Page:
After visiting Pompeii, Johann Wolfgang von Goethe wrote: ”Few disasters have provided so much pleasure to later generations”. It sounds brutal, but really, we rarely have the opportunity to walk around the city in which the life stopped so suddenly. From the moment city was discovered under a six meters layer of dust and soil, Pompeii have become a favorite tourist destination.
But let’s start from the beginning.
History of Pompeii dates back to the Iron Age, in the 8th century BC, the time when the king Romulus created Rome. An important influence on Pompeii as we know today had Samnites who built the Pompeii from the 4th century BC to 80 BC when the city was under Romans occupation. The Romans banished Samnites from their homes and then, as a price for their loyalty, Roman war veterans moved into their houses. During next 150 years the Romans adapted existing houses and public buildings to their needs (Temple of Jupiter became the Capitoline), and built new temples, baths, Odeon (acoustic covered hall for concerts), an amphitheater…
In 62 AD the city was hit by a powerful earthquake that destroyed homes and public buildings. Thanks to the good economic situation, in the next seventeen years the inhabitants of Pompeii almost frantically rebuilt their city in order to return to a normal life. But the relentless nature played with them again – the fateful day occurred on 24th August 79 AD , when the Vesuvius showed its strength and destroyed the towns at the foot of Pompeii, Herculaneum and Stabia in a few hours.
Unlike Herculaneum, Pompeii was not destroyed by a sudden flow of lava. Dramatic destruction was going slowly. When Vesuvius erupted with explosive power, pyroclastic material, the rain of lapi (tiny volcanic pebbles) and volcanic dust in few hours covered the city. Tremor was the first hint of disaster. Most of the inhabitants of Pompeii started running in that moment – at that time app. 16,000 inhabitants lived in the city. But the part of population hid in the shelter of their homes, while others hid in a shelter in public buildings, hoping that they are stronger and more stable. Archaeologists have found that ash and lava didn’t kill the inhabitants of Pompeii, but the toxic gases that were formed after the eruption. Unfortunately, it was hopeless – they suffocated.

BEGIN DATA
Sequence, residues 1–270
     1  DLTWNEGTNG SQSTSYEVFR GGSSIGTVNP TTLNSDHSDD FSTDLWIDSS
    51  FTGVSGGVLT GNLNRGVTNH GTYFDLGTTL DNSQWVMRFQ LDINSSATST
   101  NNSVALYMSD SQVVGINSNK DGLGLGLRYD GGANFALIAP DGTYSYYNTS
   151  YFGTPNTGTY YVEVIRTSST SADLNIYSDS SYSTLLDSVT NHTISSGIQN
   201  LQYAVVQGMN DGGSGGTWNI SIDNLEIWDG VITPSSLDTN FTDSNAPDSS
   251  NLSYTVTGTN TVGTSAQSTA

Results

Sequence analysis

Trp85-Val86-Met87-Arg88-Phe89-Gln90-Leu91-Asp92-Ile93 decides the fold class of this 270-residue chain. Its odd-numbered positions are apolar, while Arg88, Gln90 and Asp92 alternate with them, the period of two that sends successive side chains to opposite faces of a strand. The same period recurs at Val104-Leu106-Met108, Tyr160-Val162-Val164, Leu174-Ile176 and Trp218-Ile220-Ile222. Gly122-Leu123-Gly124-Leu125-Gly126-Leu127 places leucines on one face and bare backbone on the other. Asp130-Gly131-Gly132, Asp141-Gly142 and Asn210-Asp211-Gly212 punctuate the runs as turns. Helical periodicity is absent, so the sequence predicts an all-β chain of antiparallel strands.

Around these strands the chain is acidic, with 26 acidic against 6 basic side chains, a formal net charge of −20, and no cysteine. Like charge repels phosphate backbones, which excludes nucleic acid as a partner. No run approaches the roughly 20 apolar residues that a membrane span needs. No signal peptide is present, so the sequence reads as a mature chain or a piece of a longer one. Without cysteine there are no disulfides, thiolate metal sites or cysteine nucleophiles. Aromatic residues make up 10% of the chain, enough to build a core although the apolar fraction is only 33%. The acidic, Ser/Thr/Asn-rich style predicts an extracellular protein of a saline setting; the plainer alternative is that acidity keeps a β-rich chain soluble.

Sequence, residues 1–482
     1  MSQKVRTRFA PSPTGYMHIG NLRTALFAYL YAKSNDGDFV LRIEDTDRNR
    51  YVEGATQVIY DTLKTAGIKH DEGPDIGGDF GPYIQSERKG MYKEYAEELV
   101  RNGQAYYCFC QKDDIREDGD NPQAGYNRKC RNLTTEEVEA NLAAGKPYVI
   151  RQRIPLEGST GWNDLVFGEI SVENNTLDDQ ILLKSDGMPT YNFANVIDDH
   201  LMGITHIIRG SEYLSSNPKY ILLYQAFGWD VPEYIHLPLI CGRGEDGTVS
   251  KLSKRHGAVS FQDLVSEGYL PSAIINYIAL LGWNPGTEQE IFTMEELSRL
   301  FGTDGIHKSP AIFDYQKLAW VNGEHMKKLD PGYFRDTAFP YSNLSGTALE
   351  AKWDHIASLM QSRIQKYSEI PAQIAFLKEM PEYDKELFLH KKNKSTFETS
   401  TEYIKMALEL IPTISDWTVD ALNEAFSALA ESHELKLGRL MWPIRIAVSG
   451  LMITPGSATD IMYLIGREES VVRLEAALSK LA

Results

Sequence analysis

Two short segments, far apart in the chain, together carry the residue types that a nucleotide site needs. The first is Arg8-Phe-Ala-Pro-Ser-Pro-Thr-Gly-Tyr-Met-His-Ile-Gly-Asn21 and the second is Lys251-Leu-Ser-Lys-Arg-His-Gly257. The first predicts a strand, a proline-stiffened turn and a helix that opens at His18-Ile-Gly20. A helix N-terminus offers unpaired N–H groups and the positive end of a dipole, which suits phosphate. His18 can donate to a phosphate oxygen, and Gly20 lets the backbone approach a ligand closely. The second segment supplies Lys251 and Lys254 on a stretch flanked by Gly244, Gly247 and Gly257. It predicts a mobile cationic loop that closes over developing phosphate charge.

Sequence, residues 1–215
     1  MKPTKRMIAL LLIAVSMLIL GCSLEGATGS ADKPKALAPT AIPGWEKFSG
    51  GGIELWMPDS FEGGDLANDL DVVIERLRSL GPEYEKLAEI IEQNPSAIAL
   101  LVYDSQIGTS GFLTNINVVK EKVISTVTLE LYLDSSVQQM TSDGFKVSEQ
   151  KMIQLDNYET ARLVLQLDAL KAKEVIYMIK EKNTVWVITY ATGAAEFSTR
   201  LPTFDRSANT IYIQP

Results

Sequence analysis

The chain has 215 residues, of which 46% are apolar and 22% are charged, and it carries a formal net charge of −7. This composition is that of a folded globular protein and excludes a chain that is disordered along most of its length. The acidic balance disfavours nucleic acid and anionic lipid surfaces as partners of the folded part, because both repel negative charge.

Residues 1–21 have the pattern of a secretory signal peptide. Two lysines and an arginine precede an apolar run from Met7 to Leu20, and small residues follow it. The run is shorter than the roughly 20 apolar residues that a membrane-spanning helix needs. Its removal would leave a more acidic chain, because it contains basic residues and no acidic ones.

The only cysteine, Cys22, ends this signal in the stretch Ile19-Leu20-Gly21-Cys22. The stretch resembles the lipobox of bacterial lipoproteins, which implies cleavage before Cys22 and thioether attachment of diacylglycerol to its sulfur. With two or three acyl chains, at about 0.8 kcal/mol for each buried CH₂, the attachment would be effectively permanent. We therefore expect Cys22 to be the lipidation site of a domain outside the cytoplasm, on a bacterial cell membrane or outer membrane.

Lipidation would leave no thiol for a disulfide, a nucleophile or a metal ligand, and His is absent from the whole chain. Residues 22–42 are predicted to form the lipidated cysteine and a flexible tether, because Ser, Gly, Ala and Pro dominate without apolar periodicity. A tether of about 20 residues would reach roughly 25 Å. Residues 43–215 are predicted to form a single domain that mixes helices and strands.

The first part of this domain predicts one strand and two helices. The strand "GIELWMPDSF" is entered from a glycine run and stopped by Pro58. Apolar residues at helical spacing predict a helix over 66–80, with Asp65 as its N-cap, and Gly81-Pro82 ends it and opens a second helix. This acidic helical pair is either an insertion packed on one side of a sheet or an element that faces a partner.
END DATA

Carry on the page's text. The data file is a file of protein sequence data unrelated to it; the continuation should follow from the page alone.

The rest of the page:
A six feet deep layer of earth, lapi and ash perfectly conserved residues of the city so that archaeologists can with great precision tell us about life in Roman times. When archaeologists, while digging up, hit the cavity with their tools, they fill it with the gypsum and often they get nothing. But in Pompii case, they get the body shape that splits within these cavities. Until now, it was discovered about a thousand ‘bodies’ who witnessed the horrors that the residents of this ancient city experienced. A multitude of mould shows people who died in a spasm, bent in the fetal position or people who lie on their bellies, trying to protect themselfs. Most disturbing is the scene of the supposedly pregnant woman body, lying on stomach and holding hands on her face trying to protect herself from poison gas.
Emperor Titus Senatorial committee made a decision that it is in vain to recover buried cities of Pompeii and they, like other cities that have suffered from the mighty Vesuvius, fell into oblivion. Periodically throughout history attempts were made to dig up some marble pillars or artistic works (they even cut out mosaic pieces or painted walls parts) from those sites. Treasure hunters occasionally came across a valuable objects, but only in the middle of the 18th century, during the Charles of Naples reign, began a systematic excavation. Under the baton of Giuseppe Fiorelli begins systematic discovery onservation and excavation planning. It is believed that up to now three fifths of ancient Pompeii was investigated.
As a complete testimony of society and everyday life which can not be found anywhere else in the world, in 1997 the site of Pompeii was placed on the UNESCO World Heritage List.
We recommend you to avoid visiting Pompeii in the summer, because of the crowd and the high temperatures. But at whatever time of year you choose to visit it, take a full day for sightseeing. If you bring sandwiches, outside of the old city walls within the site there is arranged picnic area with benches in deep shade, and near the Forum there is a modern restaurant where you can refresh or eat something for a decent price.
Adult ticket price is 11 euros, children under 18 and people older than 65 pay 5.5 euros. Dogs are permitted and entrance is free, but keep in mind that abandoned dogs are walking or peacefully slumbering all over the site – thay are kind and curious.
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